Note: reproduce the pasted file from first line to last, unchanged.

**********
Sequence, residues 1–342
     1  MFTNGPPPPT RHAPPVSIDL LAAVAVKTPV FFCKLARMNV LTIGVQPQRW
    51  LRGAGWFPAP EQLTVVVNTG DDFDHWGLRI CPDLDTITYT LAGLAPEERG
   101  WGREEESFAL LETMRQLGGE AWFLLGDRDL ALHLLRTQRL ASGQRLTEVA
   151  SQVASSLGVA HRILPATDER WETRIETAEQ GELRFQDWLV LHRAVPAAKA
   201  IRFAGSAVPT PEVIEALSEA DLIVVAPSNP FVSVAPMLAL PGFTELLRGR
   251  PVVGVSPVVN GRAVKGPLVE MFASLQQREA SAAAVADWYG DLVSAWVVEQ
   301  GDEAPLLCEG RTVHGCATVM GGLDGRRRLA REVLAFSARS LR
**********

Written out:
Sequence, residues 1–342
     1  MFTNGPPPPT RHAPPVSIDL LAAVAVKTPV FFCKLARMNV LTIGVQPQRW
    51  LRGAGWFPAP EQLTVVVNTG DDFDHWGLRI CPDLDTITYT LAGLAPEERG
   101  WGREEESFAL LETMRQLGGE AWFLLGDRDL ALHLLRTQRL ASGQRLTEVA
   151  SQVASSLGVA HRILPATDER WETRIETAEQ GELRFQDWLV LHRAVPAAKA
   201  IRFAGSAVPT PEVIEALSEA DLIVVAPSNP FVSVAPMLAL PGFTELLRGR
   251  PVVGVSPVVN GRAVKGPLVE MFASLQQREA SAAAVADWYG DLVSAWVVEQ
   301  GDEAPLLCEG RTVHGCATVM GGLDGRRRLA REVLAFSARS LR